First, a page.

# Efficient algorithm for finding segregators in a directed acyclic graph

Given a directed acyclic graph $$G=(V,E)$$, we define a $$(\alpha,\beta)$$-segregator of $$G$$ to be a subset $$S$$ of $$V$$ of size $$\alpha$$ such that no vertex in $$G\setminus S$$ has more than $$\beta$$ ancestors in $$G\setminus S$$. By "ancestor of a vertex $$v$$ in $$G\setminus S$$", I mean any vertex $$u$$ for which there is a path from $$u$$ to $$v$$ that contained in $$G\setminus S$$.

I am curious as to whether there is an algorithm which, given a graph $$G$$ and a value of $$\alpha$$, returns the minimum value of $$\beta$$ such that a $$(\alpha,\beta)$$-segregator exists for $$G$$. Is the decision problem of whether a given $$(\alpha,\beta)$$-segregator exists in a graph $$G$$ known to be NP-complete? Are there at least good approximation algorithms to the problem of finding whether a graph has "good" segregators?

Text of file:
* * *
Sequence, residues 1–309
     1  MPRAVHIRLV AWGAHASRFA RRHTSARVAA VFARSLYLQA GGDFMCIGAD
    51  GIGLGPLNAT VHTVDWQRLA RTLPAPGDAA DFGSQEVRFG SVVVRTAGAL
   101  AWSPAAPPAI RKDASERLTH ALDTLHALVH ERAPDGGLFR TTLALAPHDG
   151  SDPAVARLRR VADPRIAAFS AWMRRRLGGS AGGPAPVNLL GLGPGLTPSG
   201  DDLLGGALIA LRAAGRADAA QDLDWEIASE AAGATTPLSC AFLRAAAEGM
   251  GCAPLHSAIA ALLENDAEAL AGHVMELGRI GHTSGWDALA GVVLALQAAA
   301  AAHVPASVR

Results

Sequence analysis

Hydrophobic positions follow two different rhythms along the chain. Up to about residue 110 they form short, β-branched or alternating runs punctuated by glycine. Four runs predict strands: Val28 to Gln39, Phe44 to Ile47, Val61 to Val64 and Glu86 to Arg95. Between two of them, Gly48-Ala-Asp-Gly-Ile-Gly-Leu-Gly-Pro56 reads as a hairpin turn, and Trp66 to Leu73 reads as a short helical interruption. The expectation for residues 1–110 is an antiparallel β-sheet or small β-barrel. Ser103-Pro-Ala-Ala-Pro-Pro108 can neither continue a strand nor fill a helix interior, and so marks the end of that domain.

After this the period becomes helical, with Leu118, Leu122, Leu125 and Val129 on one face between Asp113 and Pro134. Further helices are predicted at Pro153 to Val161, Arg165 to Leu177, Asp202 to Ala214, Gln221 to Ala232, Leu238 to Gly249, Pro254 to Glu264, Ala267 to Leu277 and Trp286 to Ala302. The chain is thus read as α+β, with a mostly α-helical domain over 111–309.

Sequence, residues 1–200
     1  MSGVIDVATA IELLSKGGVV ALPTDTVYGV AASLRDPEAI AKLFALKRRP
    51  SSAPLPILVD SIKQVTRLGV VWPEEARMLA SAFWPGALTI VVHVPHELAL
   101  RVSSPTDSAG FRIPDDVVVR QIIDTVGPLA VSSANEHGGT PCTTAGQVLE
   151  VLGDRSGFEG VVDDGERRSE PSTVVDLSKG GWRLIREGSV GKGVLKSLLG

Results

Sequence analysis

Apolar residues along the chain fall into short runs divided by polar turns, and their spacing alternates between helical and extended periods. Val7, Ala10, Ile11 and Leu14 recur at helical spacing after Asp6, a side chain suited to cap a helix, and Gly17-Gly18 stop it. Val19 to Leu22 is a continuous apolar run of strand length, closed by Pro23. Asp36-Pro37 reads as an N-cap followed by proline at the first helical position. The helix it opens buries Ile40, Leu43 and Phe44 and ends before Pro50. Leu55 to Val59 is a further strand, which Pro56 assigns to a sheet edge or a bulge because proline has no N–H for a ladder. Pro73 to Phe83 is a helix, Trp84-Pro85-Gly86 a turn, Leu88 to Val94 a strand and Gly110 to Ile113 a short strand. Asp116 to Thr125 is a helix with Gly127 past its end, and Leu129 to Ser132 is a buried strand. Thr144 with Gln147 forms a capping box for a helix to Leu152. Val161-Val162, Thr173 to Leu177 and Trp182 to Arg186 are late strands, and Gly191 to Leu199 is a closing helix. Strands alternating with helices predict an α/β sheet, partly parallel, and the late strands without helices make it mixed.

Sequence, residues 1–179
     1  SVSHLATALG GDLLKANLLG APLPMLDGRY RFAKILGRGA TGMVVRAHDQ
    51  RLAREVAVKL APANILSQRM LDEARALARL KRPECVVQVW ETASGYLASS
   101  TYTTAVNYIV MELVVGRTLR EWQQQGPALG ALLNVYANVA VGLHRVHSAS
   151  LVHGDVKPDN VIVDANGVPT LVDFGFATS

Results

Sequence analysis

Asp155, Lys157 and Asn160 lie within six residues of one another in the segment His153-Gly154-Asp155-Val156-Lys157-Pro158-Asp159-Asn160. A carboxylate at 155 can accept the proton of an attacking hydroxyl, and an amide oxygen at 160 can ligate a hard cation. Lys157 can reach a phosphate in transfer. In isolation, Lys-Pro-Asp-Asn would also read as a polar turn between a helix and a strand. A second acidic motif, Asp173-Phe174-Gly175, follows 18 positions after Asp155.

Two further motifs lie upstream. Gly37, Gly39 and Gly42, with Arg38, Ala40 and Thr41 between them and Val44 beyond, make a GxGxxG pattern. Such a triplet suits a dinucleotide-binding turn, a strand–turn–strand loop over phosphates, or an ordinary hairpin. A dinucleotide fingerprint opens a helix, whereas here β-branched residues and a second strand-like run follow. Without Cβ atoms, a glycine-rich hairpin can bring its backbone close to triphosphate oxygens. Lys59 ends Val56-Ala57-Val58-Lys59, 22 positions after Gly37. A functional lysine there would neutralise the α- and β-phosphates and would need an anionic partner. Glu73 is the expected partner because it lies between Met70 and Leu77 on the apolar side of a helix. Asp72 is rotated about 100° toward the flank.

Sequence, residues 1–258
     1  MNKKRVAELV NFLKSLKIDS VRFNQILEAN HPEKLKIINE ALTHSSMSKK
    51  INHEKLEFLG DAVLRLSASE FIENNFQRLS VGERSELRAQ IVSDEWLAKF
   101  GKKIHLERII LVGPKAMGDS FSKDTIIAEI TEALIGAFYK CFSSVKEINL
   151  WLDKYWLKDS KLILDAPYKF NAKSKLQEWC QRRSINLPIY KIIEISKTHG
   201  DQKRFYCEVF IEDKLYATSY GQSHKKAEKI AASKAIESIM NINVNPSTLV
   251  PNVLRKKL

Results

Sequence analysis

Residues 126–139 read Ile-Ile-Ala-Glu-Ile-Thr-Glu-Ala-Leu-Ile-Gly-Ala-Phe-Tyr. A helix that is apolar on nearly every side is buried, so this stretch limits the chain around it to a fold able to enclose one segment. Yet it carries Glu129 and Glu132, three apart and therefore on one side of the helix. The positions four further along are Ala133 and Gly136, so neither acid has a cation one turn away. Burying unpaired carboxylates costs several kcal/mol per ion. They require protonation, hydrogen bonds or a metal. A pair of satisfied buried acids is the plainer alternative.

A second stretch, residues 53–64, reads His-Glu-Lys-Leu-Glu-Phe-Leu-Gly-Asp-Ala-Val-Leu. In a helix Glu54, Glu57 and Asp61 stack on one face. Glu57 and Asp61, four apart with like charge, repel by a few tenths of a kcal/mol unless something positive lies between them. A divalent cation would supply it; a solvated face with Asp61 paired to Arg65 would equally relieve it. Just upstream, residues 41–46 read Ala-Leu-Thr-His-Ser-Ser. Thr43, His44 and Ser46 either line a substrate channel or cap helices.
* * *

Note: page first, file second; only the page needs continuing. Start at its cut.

• This sounds like finding small separators which separate the graph into small connected components. Is that correct? – Daniel Apr 29 '20 at 11:49
• @Daniel Segregators are actually generalizations of separators. All good separators are good segregators, but not vice versa. – exfret Apr 29 '20 at 19:21